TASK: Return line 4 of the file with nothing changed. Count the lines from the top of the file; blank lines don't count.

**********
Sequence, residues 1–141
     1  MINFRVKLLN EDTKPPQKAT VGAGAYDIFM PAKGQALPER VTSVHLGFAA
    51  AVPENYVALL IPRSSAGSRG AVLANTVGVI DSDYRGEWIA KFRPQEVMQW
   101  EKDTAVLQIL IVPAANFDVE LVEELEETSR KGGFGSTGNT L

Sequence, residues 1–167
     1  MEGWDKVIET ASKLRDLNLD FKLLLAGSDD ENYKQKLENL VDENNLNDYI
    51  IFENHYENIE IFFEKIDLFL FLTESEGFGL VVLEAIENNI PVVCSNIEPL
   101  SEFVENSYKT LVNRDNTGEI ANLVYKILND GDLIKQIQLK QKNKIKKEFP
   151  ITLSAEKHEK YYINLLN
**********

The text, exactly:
   101  EKDTAVLQIL IVPAANFDVE LVEELEETSR KGGFGSTGNT L